Public Administration in an Information Age - A Handbook
W.B.H.J. van de Donk (ed.)
I.Th.M. Snellen (ed.)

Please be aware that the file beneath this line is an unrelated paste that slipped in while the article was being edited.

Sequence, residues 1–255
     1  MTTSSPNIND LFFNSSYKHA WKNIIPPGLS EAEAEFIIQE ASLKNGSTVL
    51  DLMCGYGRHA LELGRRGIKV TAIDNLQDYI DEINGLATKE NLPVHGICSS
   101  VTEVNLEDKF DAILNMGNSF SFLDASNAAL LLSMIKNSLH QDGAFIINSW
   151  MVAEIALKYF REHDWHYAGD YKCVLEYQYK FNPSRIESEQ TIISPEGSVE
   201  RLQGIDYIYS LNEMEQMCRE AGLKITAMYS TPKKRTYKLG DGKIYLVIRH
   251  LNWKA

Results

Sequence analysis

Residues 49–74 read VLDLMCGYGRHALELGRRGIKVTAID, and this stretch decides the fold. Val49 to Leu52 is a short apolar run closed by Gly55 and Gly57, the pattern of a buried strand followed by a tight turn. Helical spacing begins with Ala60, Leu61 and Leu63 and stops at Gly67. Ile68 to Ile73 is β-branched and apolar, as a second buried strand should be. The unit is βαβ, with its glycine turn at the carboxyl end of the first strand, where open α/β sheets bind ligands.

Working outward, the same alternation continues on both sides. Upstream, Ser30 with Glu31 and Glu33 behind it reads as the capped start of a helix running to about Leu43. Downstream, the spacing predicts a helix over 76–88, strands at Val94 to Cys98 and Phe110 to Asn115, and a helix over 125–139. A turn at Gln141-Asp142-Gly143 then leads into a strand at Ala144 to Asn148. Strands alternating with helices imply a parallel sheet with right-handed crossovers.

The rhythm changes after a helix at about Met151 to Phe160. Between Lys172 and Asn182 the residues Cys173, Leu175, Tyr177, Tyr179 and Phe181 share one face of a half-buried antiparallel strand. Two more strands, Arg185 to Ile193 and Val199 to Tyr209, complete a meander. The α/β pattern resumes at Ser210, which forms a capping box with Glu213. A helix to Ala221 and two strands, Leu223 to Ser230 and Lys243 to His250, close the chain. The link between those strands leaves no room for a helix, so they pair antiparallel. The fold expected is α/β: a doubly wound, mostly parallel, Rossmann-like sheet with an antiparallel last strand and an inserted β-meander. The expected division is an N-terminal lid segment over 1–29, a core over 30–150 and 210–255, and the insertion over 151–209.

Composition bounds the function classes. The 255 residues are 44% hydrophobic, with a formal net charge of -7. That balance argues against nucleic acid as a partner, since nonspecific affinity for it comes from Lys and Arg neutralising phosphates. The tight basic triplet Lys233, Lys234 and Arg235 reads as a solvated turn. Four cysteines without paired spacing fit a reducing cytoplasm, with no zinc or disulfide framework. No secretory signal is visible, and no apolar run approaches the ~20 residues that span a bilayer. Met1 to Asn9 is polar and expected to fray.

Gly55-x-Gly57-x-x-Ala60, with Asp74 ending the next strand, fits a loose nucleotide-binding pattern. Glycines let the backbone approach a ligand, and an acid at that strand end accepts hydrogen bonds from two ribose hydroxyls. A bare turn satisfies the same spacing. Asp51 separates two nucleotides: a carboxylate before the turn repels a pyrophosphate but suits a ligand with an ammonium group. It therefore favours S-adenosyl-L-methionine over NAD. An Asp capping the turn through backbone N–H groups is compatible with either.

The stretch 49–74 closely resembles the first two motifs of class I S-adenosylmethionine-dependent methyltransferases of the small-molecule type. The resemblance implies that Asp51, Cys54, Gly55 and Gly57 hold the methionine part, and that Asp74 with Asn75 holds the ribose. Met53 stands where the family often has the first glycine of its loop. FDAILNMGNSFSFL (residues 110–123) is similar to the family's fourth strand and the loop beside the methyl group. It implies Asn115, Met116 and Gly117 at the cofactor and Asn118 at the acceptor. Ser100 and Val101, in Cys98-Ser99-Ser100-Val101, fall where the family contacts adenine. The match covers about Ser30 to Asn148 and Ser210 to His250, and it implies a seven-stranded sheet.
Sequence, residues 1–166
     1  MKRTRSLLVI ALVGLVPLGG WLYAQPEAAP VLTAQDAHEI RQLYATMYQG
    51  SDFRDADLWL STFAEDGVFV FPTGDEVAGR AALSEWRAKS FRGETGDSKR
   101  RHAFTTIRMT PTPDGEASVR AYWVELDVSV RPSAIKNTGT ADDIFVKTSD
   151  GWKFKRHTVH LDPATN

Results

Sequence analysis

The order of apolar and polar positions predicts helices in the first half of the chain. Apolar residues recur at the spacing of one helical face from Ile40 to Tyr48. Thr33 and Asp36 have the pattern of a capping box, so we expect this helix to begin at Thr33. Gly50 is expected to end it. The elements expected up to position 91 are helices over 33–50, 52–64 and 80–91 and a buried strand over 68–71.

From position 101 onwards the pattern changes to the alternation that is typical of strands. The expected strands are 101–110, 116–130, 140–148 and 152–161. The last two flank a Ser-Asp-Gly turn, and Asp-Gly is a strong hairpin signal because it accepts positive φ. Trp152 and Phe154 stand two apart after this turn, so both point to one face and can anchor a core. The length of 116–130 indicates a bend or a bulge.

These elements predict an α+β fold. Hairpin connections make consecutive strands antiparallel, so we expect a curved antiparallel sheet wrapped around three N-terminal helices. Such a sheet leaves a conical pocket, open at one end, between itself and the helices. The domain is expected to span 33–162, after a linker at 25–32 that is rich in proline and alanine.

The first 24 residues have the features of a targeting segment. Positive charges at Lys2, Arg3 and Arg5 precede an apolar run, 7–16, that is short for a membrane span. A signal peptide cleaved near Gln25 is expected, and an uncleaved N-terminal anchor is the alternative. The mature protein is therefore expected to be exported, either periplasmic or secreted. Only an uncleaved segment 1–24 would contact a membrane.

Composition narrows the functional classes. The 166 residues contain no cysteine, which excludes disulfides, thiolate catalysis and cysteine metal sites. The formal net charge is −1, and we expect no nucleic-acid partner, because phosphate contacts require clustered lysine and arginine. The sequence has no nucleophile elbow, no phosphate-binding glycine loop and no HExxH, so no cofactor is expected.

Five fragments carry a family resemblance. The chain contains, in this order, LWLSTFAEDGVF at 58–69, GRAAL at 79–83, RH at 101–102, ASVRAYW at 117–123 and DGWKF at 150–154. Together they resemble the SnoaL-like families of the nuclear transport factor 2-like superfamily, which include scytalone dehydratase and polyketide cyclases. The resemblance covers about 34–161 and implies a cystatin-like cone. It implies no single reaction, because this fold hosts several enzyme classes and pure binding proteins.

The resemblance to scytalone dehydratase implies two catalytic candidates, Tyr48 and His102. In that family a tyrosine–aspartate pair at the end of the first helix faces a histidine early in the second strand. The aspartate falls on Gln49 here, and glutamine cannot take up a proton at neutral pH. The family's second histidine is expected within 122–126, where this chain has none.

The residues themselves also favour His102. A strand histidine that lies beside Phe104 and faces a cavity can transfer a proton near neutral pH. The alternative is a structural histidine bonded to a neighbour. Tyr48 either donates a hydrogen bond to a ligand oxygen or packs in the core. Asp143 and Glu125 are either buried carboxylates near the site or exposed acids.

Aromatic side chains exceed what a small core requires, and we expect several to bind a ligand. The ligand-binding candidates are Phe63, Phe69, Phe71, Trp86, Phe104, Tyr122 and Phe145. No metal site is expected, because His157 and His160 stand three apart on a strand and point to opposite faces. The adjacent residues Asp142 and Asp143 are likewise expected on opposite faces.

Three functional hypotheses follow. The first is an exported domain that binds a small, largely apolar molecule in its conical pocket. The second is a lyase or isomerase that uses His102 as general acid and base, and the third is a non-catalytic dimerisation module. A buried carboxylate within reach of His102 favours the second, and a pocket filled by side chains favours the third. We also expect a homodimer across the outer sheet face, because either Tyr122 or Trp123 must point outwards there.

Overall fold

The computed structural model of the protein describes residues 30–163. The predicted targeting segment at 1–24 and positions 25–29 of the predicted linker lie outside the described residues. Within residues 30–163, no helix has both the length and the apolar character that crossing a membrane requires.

"This book is a joint effort of researchers who have been involved in research-projects and programmes that have been trying to chart and reflect upon the implications of Information and Communication Technologies (ICTs) for Public Administration. Since the 1950s, computers had largely facilitated and the transformation of the minimal 'Night-Watch-state' into the modern 'Welfare-state', through their contribution to their effectivity, productivity and efficiency. In most Handbooks of Public Administration, computers are seen as neutral instruments and, most of the time, the role of computer technologies in the transformation of public administration is completely neglected. This 'deafening silence' is a great contrast with the way ICT's are actually changing public administration. The faster the developments in a field of study are, the more difficult it is to let the theories, related to that field of study, mature. In such circumstances, most statements will remain provisional and context-dependent. 25 years of research in Irvine (California) and Kassel (Germany) and more than 10 years of research in Tilburg/Rotterdam (The Netherlands) and about seven years of research in Glasgow/Nottingham (the United Kingdom) nonetheless enables the presentation of a modest image of public administration as it is entering the information age. Researchers in each of these groups have, nevertheless, not stopped trying to phrase theories about the implications of informatization for public administration with a more or less larges scope, that are robust in different contexts and over longer periods of time. These results and theories, covering a broad set of elements of the body of knowledge of public administration, are presented in this volume. As the authors try to demonstrate in this book, informatization developments in public administration do not only challenge the existing body of knowledge of the public administration discipline, but they are also opening up new perspectives and paradigms for the study of public administration."